How I Became the Most Hated Man in America (Prelude to the Most Hated Man in America)

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Just when I wanted to share the link to this podcast, we descended into the madness of that guy and his deep fakes. What was the point of putting these together? Deep Fakes are fascinating and concerning, but that interview I could have done without. Funny to talk about the alt-right creating fake media to attack people that they do not agree with politically right after using that chopped up Peterson footage.

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Hey TOE crew! Over the last couple years I have found in the IDW an intellectual home, or at least the closest approximation in public discourse to such. It was thoroughly enjoyable to hear my favorite podcast begin to discuss some of my favorite ideas, especially considering the critical stance TOE seems to be taking with respect to the IDW. If your critique responds to real positions rather than cartoonish caricatures I, for one, would greatly benefit.

It puts up a wall that helps them from having to openly support these viewpoints.

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Of course everyone is tired of defending people like Jordan Peterson. These view are indefensible to anyone with social skills or common sense. Good thing there are TOE episodes like this to spread the these opinions without any counterpoint beyond exasperation. Great job! God it was infuriating listening to this woman.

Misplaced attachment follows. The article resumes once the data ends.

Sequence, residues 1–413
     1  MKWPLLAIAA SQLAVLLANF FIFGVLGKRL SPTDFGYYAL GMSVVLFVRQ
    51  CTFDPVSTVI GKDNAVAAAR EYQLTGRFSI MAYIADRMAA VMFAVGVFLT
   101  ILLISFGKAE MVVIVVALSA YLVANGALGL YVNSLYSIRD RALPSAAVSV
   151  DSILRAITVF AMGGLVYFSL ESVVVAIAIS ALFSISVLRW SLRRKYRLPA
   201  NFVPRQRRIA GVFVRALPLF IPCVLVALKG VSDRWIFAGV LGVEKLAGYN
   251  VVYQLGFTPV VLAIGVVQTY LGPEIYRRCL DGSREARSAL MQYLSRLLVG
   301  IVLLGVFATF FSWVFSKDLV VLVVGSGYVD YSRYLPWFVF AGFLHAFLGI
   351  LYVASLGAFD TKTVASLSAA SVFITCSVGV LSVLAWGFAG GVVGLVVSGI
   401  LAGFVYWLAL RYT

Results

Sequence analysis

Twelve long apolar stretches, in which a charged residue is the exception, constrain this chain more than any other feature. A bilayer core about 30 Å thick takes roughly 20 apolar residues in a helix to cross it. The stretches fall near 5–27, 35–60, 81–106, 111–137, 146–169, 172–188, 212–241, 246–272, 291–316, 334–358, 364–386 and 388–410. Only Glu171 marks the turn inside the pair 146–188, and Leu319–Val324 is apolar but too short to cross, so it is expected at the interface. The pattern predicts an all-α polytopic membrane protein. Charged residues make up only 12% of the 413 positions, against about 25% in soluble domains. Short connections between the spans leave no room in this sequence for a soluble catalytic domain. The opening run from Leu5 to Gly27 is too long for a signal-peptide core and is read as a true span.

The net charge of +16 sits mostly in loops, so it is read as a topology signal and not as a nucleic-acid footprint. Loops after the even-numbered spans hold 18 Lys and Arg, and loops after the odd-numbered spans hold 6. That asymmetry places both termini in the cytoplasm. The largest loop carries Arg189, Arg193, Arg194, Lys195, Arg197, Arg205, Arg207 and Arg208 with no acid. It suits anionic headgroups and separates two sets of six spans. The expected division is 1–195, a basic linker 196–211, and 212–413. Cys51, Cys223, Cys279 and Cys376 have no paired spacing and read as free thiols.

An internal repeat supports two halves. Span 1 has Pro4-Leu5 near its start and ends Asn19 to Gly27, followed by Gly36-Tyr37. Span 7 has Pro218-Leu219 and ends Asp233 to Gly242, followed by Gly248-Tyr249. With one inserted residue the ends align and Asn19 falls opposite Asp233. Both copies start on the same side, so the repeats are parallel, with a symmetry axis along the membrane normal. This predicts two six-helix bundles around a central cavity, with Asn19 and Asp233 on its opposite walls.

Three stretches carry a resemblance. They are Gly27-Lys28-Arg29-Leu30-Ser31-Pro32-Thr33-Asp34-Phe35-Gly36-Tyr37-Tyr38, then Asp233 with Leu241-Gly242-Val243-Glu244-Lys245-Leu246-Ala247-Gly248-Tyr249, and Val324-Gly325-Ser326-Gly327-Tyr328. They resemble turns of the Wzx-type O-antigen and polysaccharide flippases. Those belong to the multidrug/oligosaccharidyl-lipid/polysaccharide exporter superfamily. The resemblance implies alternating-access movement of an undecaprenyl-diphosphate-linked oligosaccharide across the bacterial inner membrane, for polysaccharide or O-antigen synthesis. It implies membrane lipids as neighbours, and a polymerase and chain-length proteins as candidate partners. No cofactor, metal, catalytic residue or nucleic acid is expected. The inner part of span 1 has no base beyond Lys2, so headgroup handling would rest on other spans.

Gather the facts you need to have an opinion! Her ideas on what Gamergate is about, and what its focus is, are alone cringeworthy. Generally attributed to Nietzsche, this is a quotation from Curtis Cate's Friedrich Nietzsche: A Biography and is the author's interpretation of Nietzsche's Aphorism Beyond Good and Evil Meaning and morality of one's life come from within oneself. Healthy, strong individuals seek self-expansion by experimenting and by living dangerously.

Life consists of an infinite number of possibilities, and the healthy person explores as many of them as possible. Religions that teach pity, self-contempt, humility, self-restraint and guilt are incorrect. The good life is ever-changing, challenging, devoid of regret, intense, creative, and risky.

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Attributed to Nietzsche on quotes sites and on social media, the original quotation is from An Introduction to the History of Psychology by B. Hergenhahn , page and is the author's summary of Nietzsche's ideas: "The meaning and morality of one's life come from within oneself. Healthy, strong individuals seek self-expansion by experimenting, by living dangerously. Life consists of an almost infinite number of possibilities, and the healthy person the superman explores as many of them as possible.